The Truth About Glucosamine and Chondroitin Sulfate
We, at Orthopedic Associates, pride ourselves in providing our patients the best possible care. As a component to this quality medical attention, we would like to provide you with the information that may assist you in managing your health. A common question we are asked is, “Would it help me to take Glucosamine and Chondroitin Sulfate?” Hopefully, after reading this brochure you will increase your understanding of this particular supplement and its relevance to you.
Glucosamine and chondroitin sulfate are nutritional supplements and are not subject to the same rigorous regulations required for prescription and non-prescription drugs. Therefore, if you decide to take any supplements, you do so at your own risk.
The information provided in this brochure does not replace the advice and guidance given by your doctor. If you have any questions about this supplement, please ask your physician.
What is Glucosamine and Chondroitin Sulfate?
Glucosamine sulfate and chondroitin sulfate are naturally occurring substances found in the connective tissues of the body, including the cartilage that covers the ends of bones in the joints.
Glucosamine sulfate functions are the primary building block for proteoglycans, large molecules in cartilage that give it viscoelastic (buffering) properties. When taken orally, glucosamine sulfate is absorbed readily into the system and can be traced to cartilage as soon as four hours after consumption.
Similar to non-steroidal anti-inflammatory drugs, glucosamine sulfate has been shown to have unique anti-inflammatory effects. Additionally, in some laboratory tests, the glucosamine supplement demonstrated a protective effect on the cartilage as well. These studies suggest that glucosamine sulfate may inhibit the breakdown of cartilage associated with osteoarthritis and may have the potential to help build-up cartilage.
Glucosamine hydrochloride, another form of glucosamine, is available as a nutritional supplement and is considered to be as effective as the sulfate form although there are fewer completed studies to review. This hydrochloride form of glucosamine is more available for absorption into the body; therefore, a smaller dose delivers an equivalent amount in the system.
Chondroitin sulfate is a larger molecule also found in cartilage. Chondroitin sulfate has been studied much less extensively, but early results show that it also seems to work as an anti-inflammatory and reduces pain. Some laboratory studies suggest that chondroitin sulfate may slow cartilage breakdown associated with osteoarthritis and even stimulate cartilage growth.
Who Should Take Glucosamine/Chondroitin Sulfate?
Many patients who suffer from osteoarthritis may benefit from the positive effects of taking this supplement. The painful symptoms of osteoarthritis may appear when cartilage becomes worn, and exposed bones begin to rub together. Conventional medicine does not yet have a proven treatment to stop or slow the progression of osteoarthritis. Traditional medical treatment includes drug therapy to control the pain associated with osteoarthritis. These treatments are sometimes disappointing for physicians and patients because medications may not provide complete relief and can have unwanted side effects. Some of these patients may be candidates for nutritional supplements like glucosamine and chondroitin sulfate.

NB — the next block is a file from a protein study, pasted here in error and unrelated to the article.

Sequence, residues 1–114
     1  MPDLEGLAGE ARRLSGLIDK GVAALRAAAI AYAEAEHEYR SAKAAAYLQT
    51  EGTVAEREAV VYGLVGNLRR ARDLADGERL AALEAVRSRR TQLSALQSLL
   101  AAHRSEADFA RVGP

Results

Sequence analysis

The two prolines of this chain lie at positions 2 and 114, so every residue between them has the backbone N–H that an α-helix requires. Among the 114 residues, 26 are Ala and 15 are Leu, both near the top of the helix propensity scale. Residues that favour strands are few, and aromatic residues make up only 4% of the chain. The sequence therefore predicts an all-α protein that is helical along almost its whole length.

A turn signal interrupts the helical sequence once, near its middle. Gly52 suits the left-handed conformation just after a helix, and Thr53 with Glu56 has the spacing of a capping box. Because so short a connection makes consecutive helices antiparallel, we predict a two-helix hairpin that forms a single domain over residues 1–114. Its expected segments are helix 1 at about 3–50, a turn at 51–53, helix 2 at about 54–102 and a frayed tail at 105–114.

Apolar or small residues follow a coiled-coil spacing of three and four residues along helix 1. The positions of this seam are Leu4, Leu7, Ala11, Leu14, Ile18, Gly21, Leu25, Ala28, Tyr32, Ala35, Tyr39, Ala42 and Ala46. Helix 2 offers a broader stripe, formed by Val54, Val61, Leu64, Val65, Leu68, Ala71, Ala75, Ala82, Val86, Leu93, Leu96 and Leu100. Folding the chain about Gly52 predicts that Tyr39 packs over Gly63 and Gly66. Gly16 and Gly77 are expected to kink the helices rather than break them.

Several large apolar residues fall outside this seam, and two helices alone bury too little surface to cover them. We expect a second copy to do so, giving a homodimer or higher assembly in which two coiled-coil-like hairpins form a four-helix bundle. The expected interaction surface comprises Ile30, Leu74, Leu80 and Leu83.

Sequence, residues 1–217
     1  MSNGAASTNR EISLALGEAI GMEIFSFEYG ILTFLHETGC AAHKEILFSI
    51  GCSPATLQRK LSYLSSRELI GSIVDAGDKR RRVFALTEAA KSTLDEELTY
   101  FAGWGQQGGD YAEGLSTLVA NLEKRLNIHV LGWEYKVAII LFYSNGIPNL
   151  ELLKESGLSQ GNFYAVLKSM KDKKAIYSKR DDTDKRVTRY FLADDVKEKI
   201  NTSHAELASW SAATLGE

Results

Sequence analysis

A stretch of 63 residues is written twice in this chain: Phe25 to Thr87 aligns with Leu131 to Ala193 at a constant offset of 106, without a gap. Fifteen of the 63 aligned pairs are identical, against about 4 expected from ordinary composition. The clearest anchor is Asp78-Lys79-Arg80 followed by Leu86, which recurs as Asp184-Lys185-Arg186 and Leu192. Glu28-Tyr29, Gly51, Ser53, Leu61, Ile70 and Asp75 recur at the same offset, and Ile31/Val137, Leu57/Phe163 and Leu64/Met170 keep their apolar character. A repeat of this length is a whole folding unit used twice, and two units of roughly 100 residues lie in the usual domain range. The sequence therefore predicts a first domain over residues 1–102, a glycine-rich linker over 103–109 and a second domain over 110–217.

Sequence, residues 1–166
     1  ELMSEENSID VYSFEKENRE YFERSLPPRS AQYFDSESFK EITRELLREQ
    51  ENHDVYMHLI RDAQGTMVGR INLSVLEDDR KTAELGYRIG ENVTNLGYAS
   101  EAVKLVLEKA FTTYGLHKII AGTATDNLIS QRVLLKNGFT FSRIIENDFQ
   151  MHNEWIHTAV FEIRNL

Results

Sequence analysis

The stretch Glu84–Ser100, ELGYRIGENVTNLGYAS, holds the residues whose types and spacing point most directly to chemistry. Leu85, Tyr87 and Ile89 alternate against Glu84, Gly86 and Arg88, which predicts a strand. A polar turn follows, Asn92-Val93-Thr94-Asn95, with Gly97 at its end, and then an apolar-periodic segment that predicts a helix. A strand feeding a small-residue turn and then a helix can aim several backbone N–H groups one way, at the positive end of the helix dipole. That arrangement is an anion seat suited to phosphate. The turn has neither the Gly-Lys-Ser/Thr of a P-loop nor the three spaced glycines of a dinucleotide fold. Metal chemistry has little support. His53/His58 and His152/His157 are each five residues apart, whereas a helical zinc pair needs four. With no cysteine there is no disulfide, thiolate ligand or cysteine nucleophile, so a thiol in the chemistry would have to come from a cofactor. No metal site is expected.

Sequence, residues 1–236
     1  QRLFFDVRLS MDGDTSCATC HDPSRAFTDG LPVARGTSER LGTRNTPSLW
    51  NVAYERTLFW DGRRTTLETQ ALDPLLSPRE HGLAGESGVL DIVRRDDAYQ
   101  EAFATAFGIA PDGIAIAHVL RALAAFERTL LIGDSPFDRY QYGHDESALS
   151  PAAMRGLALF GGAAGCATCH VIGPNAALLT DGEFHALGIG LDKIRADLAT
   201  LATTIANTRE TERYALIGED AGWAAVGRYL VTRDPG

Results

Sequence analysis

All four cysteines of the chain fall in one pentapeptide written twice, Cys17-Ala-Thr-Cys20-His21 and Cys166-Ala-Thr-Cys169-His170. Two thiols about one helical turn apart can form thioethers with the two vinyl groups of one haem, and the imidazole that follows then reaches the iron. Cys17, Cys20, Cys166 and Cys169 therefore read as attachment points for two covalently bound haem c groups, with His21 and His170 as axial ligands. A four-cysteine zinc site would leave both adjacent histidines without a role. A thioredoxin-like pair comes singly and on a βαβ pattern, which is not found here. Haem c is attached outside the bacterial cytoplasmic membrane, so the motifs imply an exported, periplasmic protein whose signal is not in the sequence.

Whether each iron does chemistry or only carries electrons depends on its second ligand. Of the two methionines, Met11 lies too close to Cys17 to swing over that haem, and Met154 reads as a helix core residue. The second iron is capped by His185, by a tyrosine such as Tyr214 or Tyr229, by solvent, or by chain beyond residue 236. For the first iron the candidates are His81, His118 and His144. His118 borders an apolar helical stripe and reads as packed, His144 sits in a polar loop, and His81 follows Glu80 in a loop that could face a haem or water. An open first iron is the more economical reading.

How Do I Take These Supplements?
- Typical dosage is 1500mg for glucosamine sulfate and 1200mg for chondroitin sulfate, taken once daily. For body weight less than 100 lbs, the dose is generally reduced to 1000mg for glucosamine sulfate and 800mg for chondroitin sulfate.
- Duration of treatment has not yet been determined.
- Reported improvement (e.g. reduction in painful symptoms) varies from three weeks to as much as eight weeks.
- Some studies have shown continued improvement of symptoms after oral intake was stopped.
- Generally, if there is no pain reduction after two months, there is little chance of improvement.
- Patients should keep a diary of their symptoms when treatment begins to better judge any changes in pain level or joint movement, and this information should be shared with their physician.
What are the side effects of taking Glucosamine and Chondroitin Sulfate?
Preliminary studies show glucosamine sulfate and chondroitin sulfate to be safe and well tolerated. Common side effects may include:
- Gastrointestinal upset
These side effects are reported in a small portion of patients. However, even substances that are found naturally in the body can have unpredictable results when taken in higher than normal quantities and in different formulations. This is particularly true with patients who are taking multiple medications or who have other diagnosed illness. For example:
- Studies suggest that glucosamine sulfate may increase insulin resistance. For this reason, diabetic patients should use glucosamine sulfate with caution and only under medical supervision.
- Patients on blood thinners (anticoagulants) should use chondroitin sulfate only after discussing and receiving approval from their physician.